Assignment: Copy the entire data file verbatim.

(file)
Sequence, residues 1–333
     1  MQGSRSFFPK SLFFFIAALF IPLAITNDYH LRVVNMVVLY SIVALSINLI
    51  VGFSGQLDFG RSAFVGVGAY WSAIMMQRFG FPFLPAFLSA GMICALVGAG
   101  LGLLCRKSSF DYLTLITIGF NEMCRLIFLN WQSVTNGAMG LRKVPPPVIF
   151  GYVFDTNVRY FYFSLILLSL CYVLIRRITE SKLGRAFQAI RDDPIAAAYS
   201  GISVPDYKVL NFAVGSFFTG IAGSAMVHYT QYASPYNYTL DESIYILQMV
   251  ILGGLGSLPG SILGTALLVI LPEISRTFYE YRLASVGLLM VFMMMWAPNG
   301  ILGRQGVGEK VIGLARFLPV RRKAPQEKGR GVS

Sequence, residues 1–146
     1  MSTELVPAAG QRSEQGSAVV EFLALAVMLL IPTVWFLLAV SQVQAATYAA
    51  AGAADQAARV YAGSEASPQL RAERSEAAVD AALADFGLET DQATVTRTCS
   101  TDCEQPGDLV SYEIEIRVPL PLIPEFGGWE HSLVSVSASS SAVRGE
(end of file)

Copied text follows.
Sequence, residues 1–333
     1  MQGSRSFFPK SLFFFIAALF IPLAITNDYH LRVVNMVVLY SIVALSINLI
    51  VGFSGQLDFG RSAFVGVGAY WSAIMMQRFG FPFLPAFLSA GMICALVGAG
   101  LGLLCRKSSF DYLTLITIGF NEMCRLIFLN WQSVTNGAMG LRKVPPPVIF
   151  GYVFDTNVRY FYFSLILLSL CYVLIRRITE SKLGRAFQAI RDDPIAAAYS
   201  GISVPDYKVL NFAVGSFFTG IAGSAMVHYT QYASPYNYTL DESIYILQMV
   251  ILGGLGSLPG SILGTALLVI LPEISRTFYE YRLASVGLLM VFMMMWAPNG
   301  ILGRQGVGEK VIGLARFLPV RRKAPQEKGR GVS

Sequence, residues 1–146
     1  MSTELVPAAG QRSEQGSAVV EFLALAVMLL IPTVWFLLAV SQVQAATYAA
    51  AGAADQAARV YAGSEASPQL RAERSEAAVD AALADFGLET DQATVTRTCS
   101  TDCEQPGDLV SYEIEIRVPL PLIPEFGGWE HSLVSVSASS SAVRGE